March 7, 2014
Dr. S. Chiu Wong has added an exciting new technology to his roster of minimally invasive tools. TAVR (Transcatheter Aortic-Valve Replacement) involves a balloon and a specially constructed stent (containing a tissue valve) to replace the aortic valve in the heart when it no longer functions properly due to narrowing. This narrowing is known as aortic stenosis. The stent is made of a chromium-cobalt based alloy similar to the stents used for coronary arteries. However, the procedure is more complex than stenting of an artery as it involves the aortic valve, the largest valve in the heart.
“The aortic valve is the main gate of the heart,” explains Dr. Wong, “if it becomes narrowed, you can imagine how difficult it is for the patient, since that valve must feed the entire body with blood. Fibrosis and calcium deposits can form like a rock, creating much pressure, making it very difficult for the valve to open and let blood through. It is a physiological problem.” He notes that cholesterol-lowering drugs have been tried in patient with non-severe aortic valve narrowing but were shown to make no difference on the valve function or progression of narrowing.
As an investigator with the PARTNERS trial, Dr. Wong and his team at Weill Cornell were involved in a multicenter comparison study between surgery versus the minimally invasive approach of TAVR for aortic stenosis. The study analyzed outcomes for two cohorts of patients, those termed as “high risk” and “no option.” “High risk” patients were either treated by conventional open heart surgery or TAVR in a random fashion. “No option” means the patient is too sick and has been turned down for any surgical procedure; in those cases, the patients were either treated medically or underwent TAVR. Since the study began in 2009, Dr. Wong has treated more than 290 patients using TAVR for aortic stenosis; in 2013 alone, he treated 102 patients. His patients typically range in age from 70 to 100-plus. Mary Licata, who is 101 years young, underwent the procedure and returned home 3 days later. At her 30-day follow-up appointment, Mary reported to Dr. Wong: “I feel 100% better.”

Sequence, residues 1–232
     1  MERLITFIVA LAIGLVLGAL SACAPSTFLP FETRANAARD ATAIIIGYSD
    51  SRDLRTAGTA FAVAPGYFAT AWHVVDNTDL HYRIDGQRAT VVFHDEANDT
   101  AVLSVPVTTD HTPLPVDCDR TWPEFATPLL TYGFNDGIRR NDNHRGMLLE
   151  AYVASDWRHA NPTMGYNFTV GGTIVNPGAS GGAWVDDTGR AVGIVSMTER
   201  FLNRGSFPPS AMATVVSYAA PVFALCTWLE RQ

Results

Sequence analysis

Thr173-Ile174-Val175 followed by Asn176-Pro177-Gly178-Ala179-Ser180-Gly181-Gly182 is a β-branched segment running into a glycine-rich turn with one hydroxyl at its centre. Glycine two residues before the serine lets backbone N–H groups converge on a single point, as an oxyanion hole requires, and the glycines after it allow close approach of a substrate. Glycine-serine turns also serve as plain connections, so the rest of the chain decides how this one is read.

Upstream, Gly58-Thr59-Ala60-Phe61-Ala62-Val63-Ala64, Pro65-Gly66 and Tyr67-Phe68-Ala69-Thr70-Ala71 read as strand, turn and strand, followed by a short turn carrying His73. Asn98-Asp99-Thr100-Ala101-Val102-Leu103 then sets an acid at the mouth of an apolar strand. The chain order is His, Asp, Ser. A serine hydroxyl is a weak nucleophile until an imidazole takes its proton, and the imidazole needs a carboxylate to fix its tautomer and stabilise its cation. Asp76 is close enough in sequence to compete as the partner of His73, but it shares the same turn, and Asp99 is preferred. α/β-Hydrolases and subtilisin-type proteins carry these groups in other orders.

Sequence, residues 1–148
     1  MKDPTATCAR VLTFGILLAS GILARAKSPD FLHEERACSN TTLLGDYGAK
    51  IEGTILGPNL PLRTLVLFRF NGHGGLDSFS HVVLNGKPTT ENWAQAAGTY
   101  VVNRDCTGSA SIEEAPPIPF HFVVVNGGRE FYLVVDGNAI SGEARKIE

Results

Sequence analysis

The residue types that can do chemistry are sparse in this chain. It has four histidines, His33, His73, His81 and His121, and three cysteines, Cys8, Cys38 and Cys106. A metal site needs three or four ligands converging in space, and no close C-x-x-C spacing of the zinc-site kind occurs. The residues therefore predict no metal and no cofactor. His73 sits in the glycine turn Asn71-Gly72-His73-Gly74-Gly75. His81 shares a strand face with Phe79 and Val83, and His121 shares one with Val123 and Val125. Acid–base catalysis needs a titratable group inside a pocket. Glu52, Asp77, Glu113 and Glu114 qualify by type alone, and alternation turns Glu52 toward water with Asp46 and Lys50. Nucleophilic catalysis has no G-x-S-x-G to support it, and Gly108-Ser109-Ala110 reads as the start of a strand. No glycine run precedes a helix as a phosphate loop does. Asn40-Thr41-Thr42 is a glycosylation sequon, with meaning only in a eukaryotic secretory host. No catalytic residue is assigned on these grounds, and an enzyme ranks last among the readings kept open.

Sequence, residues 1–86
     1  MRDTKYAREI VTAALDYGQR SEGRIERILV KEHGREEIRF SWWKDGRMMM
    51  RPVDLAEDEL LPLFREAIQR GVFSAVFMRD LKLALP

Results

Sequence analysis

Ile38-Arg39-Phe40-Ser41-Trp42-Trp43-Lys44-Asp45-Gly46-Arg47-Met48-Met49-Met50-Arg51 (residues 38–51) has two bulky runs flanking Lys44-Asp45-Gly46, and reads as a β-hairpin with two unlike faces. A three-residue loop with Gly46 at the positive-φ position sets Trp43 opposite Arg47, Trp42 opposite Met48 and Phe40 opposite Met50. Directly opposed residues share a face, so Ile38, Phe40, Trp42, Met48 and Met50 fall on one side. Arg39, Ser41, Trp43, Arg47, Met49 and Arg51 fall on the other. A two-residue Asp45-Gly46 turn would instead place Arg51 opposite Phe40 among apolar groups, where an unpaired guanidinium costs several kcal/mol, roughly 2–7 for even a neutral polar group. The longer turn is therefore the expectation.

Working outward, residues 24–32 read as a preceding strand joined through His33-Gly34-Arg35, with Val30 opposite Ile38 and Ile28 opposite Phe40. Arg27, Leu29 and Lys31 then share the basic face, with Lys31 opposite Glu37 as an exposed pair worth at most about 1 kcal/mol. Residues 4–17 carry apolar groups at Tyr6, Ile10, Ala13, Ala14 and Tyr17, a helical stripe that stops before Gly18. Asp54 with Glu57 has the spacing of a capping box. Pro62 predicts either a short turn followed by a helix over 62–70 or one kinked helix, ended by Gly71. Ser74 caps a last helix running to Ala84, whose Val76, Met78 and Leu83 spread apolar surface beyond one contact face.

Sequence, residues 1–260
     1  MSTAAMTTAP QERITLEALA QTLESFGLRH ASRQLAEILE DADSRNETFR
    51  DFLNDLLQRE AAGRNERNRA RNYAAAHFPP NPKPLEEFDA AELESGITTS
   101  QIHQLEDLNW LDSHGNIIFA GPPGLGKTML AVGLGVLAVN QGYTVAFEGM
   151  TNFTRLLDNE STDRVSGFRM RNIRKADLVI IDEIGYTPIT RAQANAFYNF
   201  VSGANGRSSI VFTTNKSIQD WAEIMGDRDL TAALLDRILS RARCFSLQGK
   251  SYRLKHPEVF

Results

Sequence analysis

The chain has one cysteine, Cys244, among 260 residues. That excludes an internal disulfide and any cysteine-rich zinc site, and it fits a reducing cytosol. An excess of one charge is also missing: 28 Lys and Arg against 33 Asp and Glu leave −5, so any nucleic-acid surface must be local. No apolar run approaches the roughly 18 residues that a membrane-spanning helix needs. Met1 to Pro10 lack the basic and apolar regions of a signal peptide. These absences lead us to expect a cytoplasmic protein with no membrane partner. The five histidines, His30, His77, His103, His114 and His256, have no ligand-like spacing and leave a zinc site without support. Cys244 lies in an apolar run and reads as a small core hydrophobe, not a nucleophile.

As a result of their efforts, Dr. Wong and colleagues (along with 24 other medical centers in US, Canada and Germany) completed the pivotal PARTNER trial which resulted in two landmark papers in The New England Journal of Medicine. It was shown that at the one-year mark, after receiving TAVR, there is no difference in the rate of death between having a surgery or receiving TAVR for high risk and in the “no option” patients, TAVR results in a 45% relative reduction of mortality compared to medically treated patients within a year. Additionally, at the three-year mark, it was shown that there is no difference in the risk for stroke for patients who underwent surgery versus TAVR.
Whether considered “high risk” or “no option” it is now clear that there is an effective option on the map for aortic stenosis – and it is minimally invasive. For the over-70 set, TAVR is a welcome solution, and as Mary attested, it can bring a new lease on life.
Transcatheter versus Surgical Aortic-Valve Replacement in High-Risk Patients (The New England Journal of Medicine)
Transcatheter Aortic-Valve Implantation for Aortic Stenosis in Patients Who Cannot Undergo Surgery (The New England Journal of Medicine)